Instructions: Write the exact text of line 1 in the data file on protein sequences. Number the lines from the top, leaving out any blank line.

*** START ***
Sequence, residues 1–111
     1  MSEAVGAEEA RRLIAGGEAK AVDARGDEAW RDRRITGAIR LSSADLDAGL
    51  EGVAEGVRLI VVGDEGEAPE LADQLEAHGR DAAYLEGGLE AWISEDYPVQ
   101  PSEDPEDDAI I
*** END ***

Sequence, residues 1–111